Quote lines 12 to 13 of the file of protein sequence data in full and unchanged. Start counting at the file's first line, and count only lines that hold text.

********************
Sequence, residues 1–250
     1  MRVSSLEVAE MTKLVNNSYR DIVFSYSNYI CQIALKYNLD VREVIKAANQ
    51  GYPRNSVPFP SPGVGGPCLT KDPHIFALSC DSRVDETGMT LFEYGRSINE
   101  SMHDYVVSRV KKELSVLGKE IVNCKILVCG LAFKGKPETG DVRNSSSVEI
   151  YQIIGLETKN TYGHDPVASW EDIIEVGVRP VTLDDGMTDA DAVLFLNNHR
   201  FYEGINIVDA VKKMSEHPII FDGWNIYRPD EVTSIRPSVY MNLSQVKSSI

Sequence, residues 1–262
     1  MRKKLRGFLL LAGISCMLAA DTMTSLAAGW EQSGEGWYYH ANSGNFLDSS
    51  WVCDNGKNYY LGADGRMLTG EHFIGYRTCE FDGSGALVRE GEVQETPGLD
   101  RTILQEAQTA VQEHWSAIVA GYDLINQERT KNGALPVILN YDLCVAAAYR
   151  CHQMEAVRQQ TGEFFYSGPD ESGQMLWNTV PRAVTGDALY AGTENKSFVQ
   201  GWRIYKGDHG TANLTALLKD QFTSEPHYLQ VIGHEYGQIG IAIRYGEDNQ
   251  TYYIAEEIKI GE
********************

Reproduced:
   201  GWRIYKGDHG TANLTALLKD QFTSEPHYLQ VIGHEYGQIG IAIRYGEDNQ
   251  TYYIAEEIKI GE